Long-term vision: Saudis to wait for oil market to rebalance?
Baku, Azerbaijan, Nov.24
By Leman Zeynalova – Trend:
Saudi Arabia is unlikely to take strong action to support oil prices over the coming years, according to the analysts of the UK Capital Economics consulting company.
“But we don’t think Saudis have abandoned their “market share” policy altogether and are unlikely to do so in the near future,” said the analysis obtained by Trend.
First, sealing a concrete deal with the rest of OPEC is not going to be plain-sailing, according to Capital Economics.
“Most notably, OPEC must still resolve the question of how to allocate production cuts across member countries, which has only become more difficult since September,” said the analysts. “This is because production has been recovering in OPEC countries that are reportedly exempt from the deal, which has made it harder for OPEC as a whole to cut output below its proposed ceiling.”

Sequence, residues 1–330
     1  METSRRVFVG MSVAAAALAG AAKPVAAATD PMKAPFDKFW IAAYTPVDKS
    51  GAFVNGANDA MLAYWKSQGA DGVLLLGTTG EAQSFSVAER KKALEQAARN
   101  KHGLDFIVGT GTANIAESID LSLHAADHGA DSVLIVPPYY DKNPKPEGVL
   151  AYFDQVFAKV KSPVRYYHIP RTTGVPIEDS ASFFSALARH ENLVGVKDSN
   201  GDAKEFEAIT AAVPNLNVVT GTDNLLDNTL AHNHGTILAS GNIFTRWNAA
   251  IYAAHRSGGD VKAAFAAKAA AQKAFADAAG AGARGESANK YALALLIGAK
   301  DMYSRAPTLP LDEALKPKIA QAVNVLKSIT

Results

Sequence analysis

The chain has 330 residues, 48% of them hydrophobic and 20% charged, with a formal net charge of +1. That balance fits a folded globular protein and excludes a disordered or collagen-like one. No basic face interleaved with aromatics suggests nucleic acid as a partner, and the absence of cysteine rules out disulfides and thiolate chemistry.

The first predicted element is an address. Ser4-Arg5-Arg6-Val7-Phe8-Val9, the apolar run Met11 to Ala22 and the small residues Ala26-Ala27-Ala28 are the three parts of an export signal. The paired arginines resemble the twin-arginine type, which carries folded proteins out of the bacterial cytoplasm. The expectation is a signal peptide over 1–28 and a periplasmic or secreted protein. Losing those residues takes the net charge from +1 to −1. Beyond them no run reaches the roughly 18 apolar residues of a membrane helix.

The second reason is that Saudi policymakers remain concerned that short-term action to support oil prices could threaten the country’s long-term position in the market, according to the analysis.
Third, the majority of the Saudi economy’s adjustment to low oil prices has already happened, said Capital Economics.
“The upshot is that Saudi policymakers tend to view the kingdom’s position in the oil market, as well as the demand for oil, over a longer time horizon than most other producers. Hence, they can afford to focus on protecting the country’s market share,” said the analysis.
Capital Economics thus believes that Saudi authorities are most likely to wait for the oil market to rebalance on its own accord.
In September, OPEC producers agreed during the informal meeting in Algiers to cut down the oil output to 32.5 million barrels per day (bpd) from current production of 33.24 million bpd.
How much each country will produce is to be decided at the next formal meeting of OPEC on Nov.30 in Vienna.